In the years since the end of America’s recent Great Recession, there have been plenty of ups and downs in economic forecasts, fiscal prognostications, and financial facts and figures. But as mortgages rates rose forcing many into foreclosure, the personal health of those impacted went on the decline, as the real estate reckoning wrought a wave of depressed homeowners.
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Jen Jones's blog
Remember when Labor Day used to mark the last three-day weekend for waning summer fun and frivolity?
Well fast forward to September 2011 when Labor Day weekend arrives on the heels of disheartening fiscal news that the American economy added no jobs during the month of August (you read that correctly: none, zero, zilch), signifying to financial commentators and economic experts alike that the slow and steady economic recovery appears to be furiously losing steam.
A fascinating new article from The Associated Press reveals that the one of the toughest challenges facing unemployed Americans isn’t a job market currently stagnated at 9.1 percent unemployment rate, or even that 14 million unemployed are competing with each other in a country that posted no new jobs in August; rather the AP says the most challenging thing the unemployed are currently contending with is the underemployed.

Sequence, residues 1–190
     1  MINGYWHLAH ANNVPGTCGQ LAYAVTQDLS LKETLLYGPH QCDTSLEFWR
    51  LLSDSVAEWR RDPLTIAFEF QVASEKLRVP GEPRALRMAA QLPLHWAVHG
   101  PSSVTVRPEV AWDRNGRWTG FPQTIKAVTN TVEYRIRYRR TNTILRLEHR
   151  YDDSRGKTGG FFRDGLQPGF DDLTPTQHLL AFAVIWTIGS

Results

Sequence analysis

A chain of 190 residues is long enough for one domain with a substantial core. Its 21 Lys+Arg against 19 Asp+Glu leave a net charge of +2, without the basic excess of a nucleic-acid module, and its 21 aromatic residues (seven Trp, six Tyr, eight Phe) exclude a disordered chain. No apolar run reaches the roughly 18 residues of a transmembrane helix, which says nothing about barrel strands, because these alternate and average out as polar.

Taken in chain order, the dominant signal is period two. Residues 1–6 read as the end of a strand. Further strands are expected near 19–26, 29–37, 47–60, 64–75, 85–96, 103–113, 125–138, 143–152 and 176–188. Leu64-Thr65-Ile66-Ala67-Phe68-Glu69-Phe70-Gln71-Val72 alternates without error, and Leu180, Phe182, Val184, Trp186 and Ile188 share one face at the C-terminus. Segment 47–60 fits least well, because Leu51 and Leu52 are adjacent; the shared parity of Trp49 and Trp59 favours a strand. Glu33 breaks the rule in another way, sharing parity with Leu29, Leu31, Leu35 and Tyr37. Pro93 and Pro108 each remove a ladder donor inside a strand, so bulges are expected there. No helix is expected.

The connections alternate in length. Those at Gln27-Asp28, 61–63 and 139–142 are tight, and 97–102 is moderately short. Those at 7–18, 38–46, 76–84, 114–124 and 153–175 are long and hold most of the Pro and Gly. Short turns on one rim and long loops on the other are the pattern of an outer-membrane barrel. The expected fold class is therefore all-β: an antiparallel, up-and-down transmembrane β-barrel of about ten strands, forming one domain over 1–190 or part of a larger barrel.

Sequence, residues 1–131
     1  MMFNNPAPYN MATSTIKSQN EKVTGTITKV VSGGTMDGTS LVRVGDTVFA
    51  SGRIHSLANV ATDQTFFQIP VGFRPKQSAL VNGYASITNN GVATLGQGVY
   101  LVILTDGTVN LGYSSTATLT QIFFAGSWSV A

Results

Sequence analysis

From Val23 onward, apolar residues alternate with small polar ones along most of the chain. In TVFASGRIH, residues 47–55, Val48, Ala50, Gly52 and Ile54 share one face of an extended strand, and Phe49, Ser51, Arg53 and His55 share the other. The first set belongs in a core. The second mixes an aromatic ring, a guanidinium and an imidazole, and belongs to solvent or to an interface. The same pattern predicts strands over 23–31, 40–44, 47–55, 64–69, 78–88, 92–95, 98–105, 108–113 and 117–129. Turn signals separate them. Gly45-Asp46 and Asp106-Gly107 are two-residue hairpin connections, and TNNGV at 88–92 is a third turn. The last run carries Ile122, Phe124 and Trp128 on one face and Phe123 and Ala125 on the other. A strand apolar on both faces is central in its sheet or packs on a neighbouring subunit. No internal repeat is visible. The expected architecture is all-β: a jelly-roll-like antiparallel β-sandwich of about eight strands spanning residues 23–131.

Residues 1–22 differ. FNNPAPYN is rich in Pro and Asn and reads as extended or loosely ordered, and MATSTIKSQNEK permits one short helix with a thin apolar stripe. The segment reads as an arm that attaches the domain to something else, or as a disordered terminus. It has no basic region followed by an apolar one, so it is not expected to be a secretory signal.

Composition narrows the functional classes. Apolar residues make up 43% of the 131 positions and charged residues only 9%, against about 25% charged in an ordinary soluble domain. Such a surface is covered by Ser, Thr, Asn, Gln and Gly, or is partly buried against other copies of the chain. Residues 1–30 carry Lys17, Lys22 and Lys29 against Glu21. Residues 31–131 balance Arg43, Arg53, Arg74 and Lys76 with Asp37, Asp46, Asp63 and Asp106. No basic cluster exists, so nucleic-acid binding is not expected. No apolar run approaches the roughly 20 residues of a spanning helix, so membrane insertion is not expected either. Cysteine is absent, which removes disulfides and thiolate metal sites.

Underemployed workers, 8.8 million other people not counted as unemployed, but rather part-timers who want full-time work, will be first in line for more hours when the consumer spending picks up this holiday season, negating the need for most employers to add jobs—positions that so many jobless Americans are relying on to make it out of their own Great Recession. That means businesses can plan to expand without actually hiring, saving them money and keeping unemployment right where it is: high.
If you’re unemployed you have a ton to worry about.
Past due bills, mounting debts, going without health insurance, possible repossession of your car or foreclosure of your home, are just some of the not-so-pleasant thoughts plaguing the millions of average Americans facing extended joblessness.
Unfortunately, now there’s one more concern to add to the job market meltdown mix: a new report by the National Employment Law Project has found that employers are continuing to discriminate against unemployed people in their online job ads despite increased scrutiny surrounding the nation’s hiring practices.
About a year ago, we reported that North Carolina was at the “top of the heap,” when it came to being home to one of the ten best cities to find jobs. Despite the fact that millions of struggling Americans were still working hard to find employment, economists were heartened about prospects for growth in 2012 as industries increasingly reported better profits and adding new jobs. As a result, back then, cities like Durham, N.C., which had rebounded with more jobs post-recession based on gains in the tech industries, looked like beacons of hope for a new economic recovery.